At Health Sciences Centre, the task force praised recent improvements to the care provided by the hospital's emergency department and how it's reduced wait times but said the hospital needs investments to see that success continue.
"It is vital that the HSC be given sufficient human and physical resources to allow them to continue their progress," said the report.
'They've moved hastily': NDP
For the Opposition NDP, the task force's report is evidence the governing Progressive Conservatives have been reckless with changes to emergency health care in Winnipeg.
"They've moved too quickly. They've moved hastily," said health critic Andrew Swan. "They haven't actually had the best interests of Manitoba patients at heart."
No one from the Progressive Conservative caucus was available to speak with reporters Wednesday.
Debbie Boissonneault, president of Canadian Union of Public Employees Local 204, agreed the previous timeline for changes to Winnipeg's emergency rooms could pose harm to patients.
"There are numerous different reports being implemented in part or in full at the same time, and there seems to be no coherent plan on how these changes will impact patient care," she said, referring to numerous reports — including the Peachy report, the KPMG report, and the wait times task force's report — which the government is using to inform changes to Manitoba's health system.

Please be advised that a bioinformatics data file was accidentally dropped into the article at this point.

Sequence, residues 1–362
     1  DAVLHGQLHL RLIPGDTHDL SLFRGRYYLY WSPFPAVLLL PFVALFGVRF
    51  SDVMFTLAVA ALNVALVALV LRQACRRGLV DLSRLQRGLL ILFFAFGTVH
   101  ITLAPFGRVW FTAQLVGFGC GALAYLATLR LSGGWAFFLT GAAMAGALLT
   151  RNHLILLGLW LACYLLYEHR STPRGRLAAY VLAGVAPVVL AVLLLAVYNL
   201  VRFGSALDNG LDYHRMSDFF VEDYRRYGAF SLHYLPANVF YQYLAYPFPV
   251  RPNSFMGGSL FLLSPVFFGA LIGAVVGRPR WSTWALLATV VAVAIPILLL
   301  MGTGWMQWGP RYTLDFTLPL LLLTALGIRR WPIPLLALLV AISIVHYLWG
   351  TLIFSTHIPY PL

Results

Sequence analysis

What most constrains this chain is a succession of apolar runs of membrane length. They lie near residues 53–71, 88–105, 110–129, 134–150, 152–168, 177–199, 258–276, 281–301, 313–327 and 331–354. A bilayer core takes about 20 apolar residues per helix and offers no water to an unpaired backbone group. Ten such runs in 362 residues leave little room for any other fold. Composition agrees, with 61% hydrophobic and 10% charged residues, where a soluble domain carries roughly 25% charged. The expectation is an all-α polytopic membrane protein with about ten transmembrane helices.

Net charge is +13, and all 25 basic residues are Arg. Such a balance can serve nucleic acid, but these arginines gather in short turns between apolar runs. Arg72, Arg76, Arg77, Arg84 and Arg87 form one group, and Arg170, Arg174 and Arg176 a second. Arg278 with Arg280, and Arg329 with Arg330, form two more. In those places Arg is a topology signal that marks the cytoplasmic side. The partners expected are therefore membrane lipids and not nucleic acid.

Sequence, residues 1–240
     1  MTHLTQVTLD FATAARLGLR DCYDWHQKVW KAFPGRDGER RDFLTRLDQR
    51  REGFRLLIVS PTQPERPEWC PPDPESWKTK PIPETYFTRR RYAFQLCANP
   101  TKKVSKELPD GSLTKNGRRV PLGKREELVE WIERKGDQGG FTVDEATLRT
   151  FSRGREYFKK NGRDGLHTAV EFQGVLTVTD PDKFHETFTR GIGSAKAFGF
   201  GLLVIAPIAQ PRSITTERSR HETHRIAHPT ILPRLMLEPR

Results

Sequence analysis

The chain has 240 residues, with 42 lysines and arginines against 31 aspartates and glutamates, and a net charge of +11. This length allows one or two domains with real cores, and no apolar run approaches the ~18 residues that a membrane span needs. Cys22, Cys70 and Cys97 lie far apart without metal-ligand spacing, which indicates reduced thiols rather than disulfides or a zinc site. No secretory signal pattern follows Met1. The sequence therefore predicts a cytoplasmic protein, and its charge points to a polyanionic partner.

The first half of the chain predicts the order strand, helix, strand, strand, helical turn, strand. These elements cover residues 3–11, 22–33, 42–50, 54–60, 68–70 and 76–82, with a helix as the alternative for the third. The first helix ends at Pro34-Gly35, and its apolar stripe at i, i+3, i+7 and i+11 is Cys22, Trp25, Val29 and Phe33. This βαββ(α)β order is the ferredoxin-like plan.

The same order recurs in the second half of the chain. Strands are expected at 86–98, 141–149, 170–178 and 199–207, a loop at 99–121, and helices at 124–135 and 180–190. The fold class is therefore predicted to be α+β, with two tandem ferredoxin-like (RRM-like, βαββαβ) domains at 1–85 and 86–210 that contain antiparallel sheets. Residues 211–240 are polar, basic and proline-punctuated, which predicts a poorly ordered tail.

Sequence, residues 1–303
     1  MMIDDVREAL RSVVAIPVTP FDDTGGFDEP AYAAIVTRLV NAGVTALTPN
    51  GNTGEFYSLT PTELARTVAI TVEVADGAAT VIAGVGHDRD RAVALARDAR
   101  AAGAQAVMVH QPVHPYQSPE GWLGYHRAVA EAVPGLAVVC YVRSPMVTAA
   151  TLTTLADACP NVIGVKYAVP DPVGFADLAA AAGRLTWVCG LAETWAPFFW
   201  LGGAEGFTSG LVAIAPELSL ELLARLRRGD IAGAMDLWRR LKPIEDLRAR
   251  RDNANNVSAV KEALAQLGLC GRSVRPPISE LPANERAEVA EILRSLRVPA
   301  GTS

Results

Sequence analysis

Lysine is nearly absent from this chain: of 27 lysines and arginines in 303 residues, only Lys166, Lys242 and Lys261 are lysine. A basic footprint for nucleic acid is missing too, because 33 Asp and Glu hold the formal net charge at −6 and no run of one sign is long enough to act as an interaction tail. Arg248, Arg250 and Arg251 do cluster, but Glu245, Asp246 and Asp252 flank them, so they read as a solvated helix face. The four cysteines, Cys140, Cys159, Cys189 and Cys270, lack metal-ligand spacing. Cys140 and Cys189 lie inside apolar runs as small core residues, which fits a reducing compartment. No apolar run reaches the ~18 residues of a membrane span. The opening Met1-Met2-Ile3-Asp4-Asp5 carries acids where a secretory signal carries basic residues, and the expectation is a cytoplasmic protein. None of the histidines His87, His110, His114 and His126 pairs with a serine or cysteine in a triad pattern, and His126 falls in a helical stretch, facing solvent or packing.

Sandi Hrem says her family has always used the Concordia Hospital and she "can't fathom" trying to get to HSC or St. Boniface in an emergency.
"We need to rally to keep a hospital open in this quadrant of the city."
In September, Hrem told CBC News she believed the actions of some hospital staff and a long emergency room wait at Health Sciences Centre contributed to her 91-year-old mother's death.
She said Wednesday she hopes the province heeds the wait times report, and pauses before Phase 2 of the WRHA overhaul.
Increase hip, knee, cataract surgeries
Along with changes to emergency care, the task force also looked at wait times for priority procedures, including MRI scans and surgeries.
The task force's report says hospitals should increase the number of three priority procedures — hip, knee and cataract surgery — to reduce wait times.
For hip and knee surgery, the task force recommends increasing the number of replacements by 900 per year, at a cost of between $2.3 million and $8.9 million. That would mean a 25 per cent increase in surgeries.
In the 2016-17 fiscal year 3,933 Manitobans had knee or hip replacements, with a median wait time of 29 weeks for the procedures. The Canadian benchmark is 26 weeks, or six months.
Demand for both joint replacement procedures is expected to increase significantly — by five per cent a year — because of Manitoba's aging population, the task force said.
Cataract surgeries should be increased by 2,000 procedures per year, at a cost of between $900,000 and $3 million, the task force said. That's an increase of about 16 per cent in the number of surgeries performed.
The task force also said the province doesn't need to buy or install any more magnetic resonance imaging, or MRI machines, but it recommended existing MRIs be used 16 hours a day and be used more wisely to reduce wait times. In Manitoba, the average wait time is 22 weeks for an MRI scan.
With files from Aidan Geary and Tessa Vanderhart